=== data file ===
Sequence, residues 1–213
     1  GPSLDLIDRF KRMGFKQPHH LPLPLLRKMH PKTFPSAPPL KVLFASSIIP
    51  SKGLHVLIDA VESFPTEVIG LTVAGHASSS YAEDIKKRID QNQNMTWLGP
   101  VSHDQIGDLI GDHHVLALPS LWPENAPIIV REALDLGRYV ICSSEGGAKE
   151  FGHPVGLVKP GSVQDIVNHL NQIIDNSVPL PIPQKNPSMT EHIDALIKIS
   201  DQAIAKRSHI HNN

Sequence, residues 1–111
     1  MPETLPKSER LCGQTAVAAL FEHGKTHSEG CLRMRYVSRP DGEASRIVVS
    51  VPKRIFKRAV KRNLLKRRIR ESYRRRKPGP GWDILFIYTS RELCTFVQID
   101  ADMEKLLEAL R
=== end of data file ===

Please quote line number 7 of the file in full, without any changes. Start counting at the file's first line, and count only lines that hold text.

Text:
Sequence, residues 1–111